A 50-minute drive away from Manhattan, the US city of Stamford in the state of Connecticut has long been known only in terms of its proximity to New York City. But now it has a bold ambition: to become a business hub in its own right, rather than just a satellite to New York City.
According to Michael Pavia, the mayor of Stamford, the city is already starting to realise this ambition. He says that, increasingly, the flow of traffic is reversing, with more commuters coming into Stamford from New York than the other way round. “Stamford began as a bedroom city serving New York City, but that is changing,” he says.
Instrumental in the reverse of the commuting trend is the number of large, multinational companies that have established a base in Stamford in recent years. Swiss bank UBS, US hotel and leisure firm Starwood Hotels and Japanese photography company Fuji Films are just some of the names that have set up regional or divisional headquarters in the city.
One of the newest additions to the long list of corporate residents in Stamford is sports television network NBC Sports Group. In 2011, the company announced that it would relocate its operations from the Rockefeller Centre in Manhattan, New York, to a waterfront office in Stamford, bringing an estimated $100m investment to the city and creating 450 new jobs.
Low corporate tax – about half the level of New York's, at 7.3% – and tax incentives estimated to be worth $35m were cited as key reasons for NBC Sports Group's move. “The state of Connecticut has been very aggressive in competing for companies to relocate and Stamford happens to be the principal recipient of these efforts,” says Mr Pavia.
But while offering tax incentives can be an effective way of attracting investments, the concern is that it does not guarantee that businesses will stay in the city in the long term. In fact, Stamford has had first-hand experience of a business moving away once it has benefited from the city's incentive scheme. Champion International, a division of US pulp and paper company International Paper, was attracted to Stamford by tax incentives, but did not stay once it had reaped the rewards of the incentives.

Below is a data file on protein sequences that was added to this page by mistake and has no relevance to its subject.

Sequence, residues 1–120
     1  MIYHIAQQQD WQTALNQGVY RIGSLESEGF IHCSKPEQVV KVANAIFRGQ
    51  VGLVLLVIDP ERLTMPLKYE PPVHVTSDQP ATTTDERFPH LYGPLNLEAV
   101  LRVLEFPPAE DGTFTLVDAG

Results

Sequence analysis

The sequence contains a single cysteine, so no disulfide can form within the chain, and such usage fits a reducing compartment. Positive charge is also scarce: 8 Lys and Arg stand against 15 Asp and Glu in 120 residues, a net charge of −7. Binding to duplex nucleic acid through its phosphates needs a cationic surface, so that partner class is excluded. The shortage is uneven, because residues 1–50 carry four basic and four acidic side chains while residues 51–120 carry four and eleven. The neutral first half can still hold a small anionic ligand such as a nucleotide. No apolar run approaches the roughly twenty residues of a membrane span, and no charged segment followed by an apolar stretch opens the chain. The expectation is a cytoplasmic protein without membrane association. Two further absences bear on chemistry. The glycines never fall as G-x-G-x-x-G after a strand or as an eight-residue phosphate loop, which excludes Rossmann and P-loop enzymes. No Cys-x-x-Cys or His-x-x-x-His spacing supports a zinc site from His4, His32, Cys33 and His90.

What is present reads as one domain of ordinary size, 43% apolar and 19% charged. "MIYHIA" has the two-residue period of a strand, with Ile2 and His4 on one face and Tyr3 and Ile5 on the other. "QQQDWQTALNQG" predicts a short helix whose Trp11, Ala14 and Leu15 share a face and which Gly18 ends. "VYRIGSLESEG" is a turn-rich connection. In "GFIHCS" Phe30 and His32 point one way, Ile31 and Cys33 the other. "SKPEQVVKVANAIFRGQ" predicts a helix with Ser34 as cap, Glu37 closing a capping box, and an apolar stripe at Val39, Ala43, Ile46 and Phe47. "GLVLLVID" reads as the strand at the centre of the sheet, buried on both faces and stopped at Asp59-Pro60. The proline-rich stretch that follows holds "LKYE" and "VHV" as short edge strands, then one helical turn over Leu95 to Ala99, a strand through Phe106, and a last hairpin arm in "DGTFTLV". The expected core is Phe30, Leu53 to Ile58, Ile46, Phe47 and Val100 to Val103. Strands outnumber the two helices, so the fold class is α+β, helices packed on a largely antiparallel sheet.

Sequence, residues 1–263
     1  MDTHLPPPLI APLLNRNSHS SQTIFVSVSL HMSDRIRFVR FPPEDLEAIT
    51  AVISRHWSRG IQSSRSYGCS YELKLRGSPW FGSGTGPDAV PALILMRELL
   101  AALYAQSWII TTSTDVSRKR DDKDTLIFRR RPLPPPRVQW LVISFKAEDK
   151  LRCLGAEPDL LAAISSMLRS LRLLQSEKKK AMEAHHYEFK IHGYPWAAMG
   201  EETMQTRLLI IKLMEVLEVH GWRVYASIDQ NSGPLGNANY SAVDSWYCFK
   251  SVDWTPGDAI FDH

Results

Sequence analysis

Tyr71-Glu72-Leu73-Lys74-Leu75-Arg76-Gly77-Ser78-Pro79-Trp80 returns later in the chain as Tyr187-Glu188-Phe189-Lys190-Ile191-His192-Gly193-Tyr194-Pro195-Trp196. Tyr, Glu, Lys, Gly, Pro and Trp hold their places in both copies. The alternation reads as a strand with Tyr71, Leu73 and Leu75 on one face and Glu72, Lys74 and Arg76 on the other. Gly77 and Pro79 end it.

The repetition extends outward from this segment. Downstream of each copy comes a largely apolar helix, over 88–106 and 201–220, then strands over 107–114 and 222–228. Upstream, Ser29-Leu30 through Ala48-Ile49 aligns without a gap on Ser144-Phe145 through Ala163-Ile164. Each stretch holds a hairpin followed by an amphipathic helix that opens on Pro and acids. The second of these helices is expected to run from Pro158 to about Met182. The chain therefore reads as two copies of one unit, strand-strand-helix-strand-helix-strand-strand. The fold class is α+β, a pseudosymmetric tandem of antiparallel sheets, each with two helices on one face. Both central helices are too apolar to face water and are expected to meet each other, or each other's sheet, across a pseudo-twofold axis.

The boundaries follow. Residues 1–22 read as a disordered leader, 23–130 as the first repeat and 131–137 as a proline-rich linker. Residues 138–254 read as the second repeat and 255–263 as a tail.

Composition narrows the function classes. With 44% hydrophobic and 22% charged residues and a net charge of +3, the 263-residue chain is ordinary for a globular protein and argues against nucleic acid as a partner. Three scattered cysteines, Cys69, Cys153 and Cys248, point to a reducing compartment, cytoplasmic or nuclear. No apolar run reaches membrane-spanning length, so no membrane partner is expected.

This is not something that worries Mr Pavia, however. “Companies such as Champion International have come to Stamford, created jobs and by doing so fulfilled their obligations. They also maintained these jobs for a number of years,” says Mr Pavia. Moreover, he believes that the advantages of relocating to Stamford are enough to keep most businesses in the area.
“Stamford has a highly educated labour pool and there is no problem with attracting more young people to come and live in the city, as there are places where they can socialise," says Mr Pavia. "This is not a place where people finish work and have no place to go.”
Capitalising on ties
As well as building relationships with companies, Stamford has also established a sister city agreement with Lima, the capital of Peru. The co-operative agreement, which is designed to promote cultural and commercial ties between the two cities, was initiated in 2009 and finalised in 2011. “Peru is the sixth fastest growing economy [in the world] and there has to be a reason for that," says Mr Pavia, explaining the rationale behind the deal. "And Stamford has a very large Peruvian-American population that is very successful."
Lima has 7.6 million residents and Stamford only 120,000. Lima has a GDP per capita of $20,000 while the average annual income in Stamford is nearly four times higher. On paper, the two places may not seem to have much in common but, since signing the sister city agreement, knowledge and experience has flowed between the two places, benefiting both in equal measure.
“In the US, sister cities [are thought of] as an agreement that will simply benefit by the affiliation with a certain city. It is not true in Stamford; the city is learning a lot from what it is seeing in Peru,” says Mr Pavia. He adds that Stamford is interested in launching a public transportation system similar to Lima's, while Peruvian officials have been keen to learn about Stamford’s experiences in recycling and water purification.
Stamford's partnership with Peru's capital is representative of its big ambition to compete with New York City for new business investments. But, perhaps more importantly, Mr Pavia's willingness to collaborate with and learn from a growing economic centre shows a willingness to adapt and improve that could help the city win favour with potential new investors.